But, as the Rákosi regime’s fate illustrates, society and its accompanying economy are simply not flexible enough to be bent by Viktor Orbán’s will. Moreover, the regime Viktor Orbán wants to introduce would be a step backward for a society that bears no resemblance to the one to which Orbán and his fellow politicians want to return: the Horthy regime. Because, let’s not kid ourselves, Orbán’s goal is to develop a political system in Hungary that greatly resembles the pseudo-democracy of that era. And this would be a step backward just like the Soviet-imposed dictatorship on countries that were more developed than Russia was at the time of the Bolshevik takeover.
Recently I also read a number of articles on Kunó Klebelsberg, minister of education in the 1920s and the idol of the Orbán regime. Klebelsberg is pictured as the founder of progressive education who symbolized the best of Hungarian conservatism. Klebelsberg certainly was right that after the lost war Hungary’s route to success was not through military might but through educational attainment. And since in the 1920s Hungary was forbidden to maintain a large army, Klebelsberg’s ministry received a sizable portion of the budget.
Klebelsberg’s ideas are, however, no longer applicable in today’s world. Klebelsberg was an elitist whose aim was to offer educational opportunities to the Christian middle classes. The emphasis was on “Christian,” and by “middle class” he more or less understood the sons of civil servants. He was a nationalist who at one point even entertained moving Hungarian speaking citizens to dilute the large pockets of Slovaks, Romanians, and Serbs. Klebelsberg also shared the antisemitism of his contemporaries and, although he knew that the numerus clausus that restricted university enrollment of Jewish students was unconstitutional and unfair, he defended it by claiming that the law was “misunderstood” by foreigners. Sounds familiar, doesn’t it? How often we hear nowadays that this or that law is misunderstood, wrongly translated, purposely misinterpreted by the outside world. How often the government spokesmen blame the liberals for anti-patriotic acts. Oh, yes, the liberals! Klebelsberg hated the liberals. He was certain liberalism opened the door to left-wing radicalism and from there the revolution was only a few steps away.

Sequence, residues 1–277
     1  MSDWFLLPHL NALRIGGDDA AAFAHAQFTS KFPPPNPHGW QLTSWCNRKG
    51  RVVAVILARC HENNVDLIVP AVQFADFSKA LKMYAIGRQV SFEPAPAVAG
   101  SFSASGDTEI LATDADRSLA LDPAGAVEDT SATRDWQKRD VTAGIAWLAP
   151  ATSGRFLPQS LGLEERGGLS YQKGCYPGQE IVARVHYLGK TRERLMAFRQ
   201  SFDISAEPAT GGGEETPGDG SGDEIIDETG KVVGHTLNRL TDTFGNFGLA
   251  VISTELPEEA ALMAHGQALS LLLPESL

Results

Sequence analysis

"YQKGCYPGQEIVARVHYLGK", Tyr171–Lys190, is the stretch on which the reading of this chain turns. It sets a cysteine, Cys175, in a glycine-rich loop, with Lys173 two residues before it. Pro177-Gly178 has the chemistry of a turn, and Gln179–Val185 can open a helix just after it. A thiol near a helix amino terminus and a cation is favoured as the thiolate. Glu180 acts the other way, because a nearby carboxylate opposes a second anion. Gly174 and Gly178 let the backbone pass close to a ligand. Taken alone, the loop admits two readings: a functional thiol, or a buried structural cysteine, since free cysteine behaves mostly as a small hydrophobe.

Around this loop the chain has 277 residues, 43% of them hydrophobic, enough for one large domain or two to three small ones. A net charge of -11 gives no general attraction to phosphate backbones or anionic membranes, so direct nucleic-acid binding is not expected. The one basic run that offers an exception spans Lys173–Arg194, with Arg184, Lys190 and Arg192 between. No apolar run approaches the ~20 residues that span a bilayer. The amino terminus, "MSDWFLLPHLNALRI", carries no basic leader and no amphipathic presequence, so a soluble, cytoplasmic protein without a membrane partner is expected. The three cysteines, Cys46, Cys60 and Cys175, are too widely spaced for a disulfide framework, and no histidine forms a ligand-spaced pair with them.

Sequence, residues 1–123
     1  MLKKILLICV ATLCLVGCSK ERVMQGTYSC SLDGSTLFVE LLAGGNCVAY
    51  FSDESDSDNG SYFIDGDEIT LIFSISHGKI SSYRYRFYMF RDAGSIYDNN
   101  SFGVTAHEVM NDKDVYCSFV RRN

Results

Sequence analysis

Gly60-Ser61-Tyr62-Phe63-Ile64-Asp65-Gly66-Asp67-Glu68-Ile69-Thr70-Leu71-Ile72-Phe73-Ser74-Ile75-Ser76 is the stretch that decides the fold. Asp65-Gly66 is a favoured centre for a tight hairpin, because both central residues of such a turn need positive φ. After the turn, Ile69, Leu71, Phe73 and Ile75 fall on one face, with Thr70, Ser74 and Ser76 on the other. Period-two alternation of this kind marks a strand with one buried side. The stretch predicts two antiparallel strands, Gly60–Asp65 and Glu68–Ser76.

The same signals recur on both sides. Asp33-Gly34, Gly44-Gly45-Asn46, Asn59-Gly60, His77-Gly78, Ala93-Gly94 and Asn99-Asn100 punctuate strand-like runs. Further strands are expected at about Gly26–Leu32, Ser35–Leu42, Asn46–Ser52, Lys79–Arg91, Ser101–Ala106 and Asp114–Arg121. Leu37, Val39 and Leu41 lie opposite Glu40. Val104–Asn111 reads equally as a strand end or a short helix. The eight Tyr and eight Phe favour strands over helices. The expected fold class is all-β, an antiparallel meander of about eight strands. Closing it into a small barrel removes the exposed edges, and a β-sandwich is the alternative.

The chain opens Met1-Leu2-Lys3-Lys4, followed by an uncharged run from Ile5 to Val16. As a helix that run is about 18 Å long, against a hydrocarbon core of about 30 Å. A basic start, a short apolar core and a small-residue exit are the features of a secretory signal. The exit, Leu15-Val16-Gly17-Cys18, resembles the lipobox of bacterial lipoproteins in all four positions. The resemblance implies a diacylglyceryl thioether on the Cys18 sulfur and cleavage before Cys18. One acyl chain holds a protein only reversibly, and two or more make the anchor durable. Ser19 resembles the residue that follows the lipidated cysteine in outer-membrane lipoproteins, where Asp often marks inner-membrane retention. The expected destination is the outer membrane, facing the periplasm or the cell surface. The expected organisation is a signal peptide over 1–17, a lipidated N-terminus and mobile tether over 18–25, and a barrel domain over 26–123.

So, turning to Klebelsberg for inspiration on designing public education in the 21st century seems not only a retrograde step but completely inappropriate to the needs of a modern society. The kind of elitist educational philosophy Klebelsberg adhered to is no longer applicable today. Yet, an incredible number of Hungarian educators would like to return to an elitist higher educational system when a very small percentage of the adult population entered college or university. Certainly, there is a need for reform of education in Hungary, but naming that “reform'”after a man who formulated his educational ideas around the turn of the twentieth century is not exactly forward looking.
But I think there is a silver lining in Fidesz’s mad search for right-wing antecedents. It will most likely fail for the same reason that Mátyás Rákosi failed in the 1950s. What Orbán is building is a retrograde system foisted on a modern society. Such a regime cannot be maintained for long.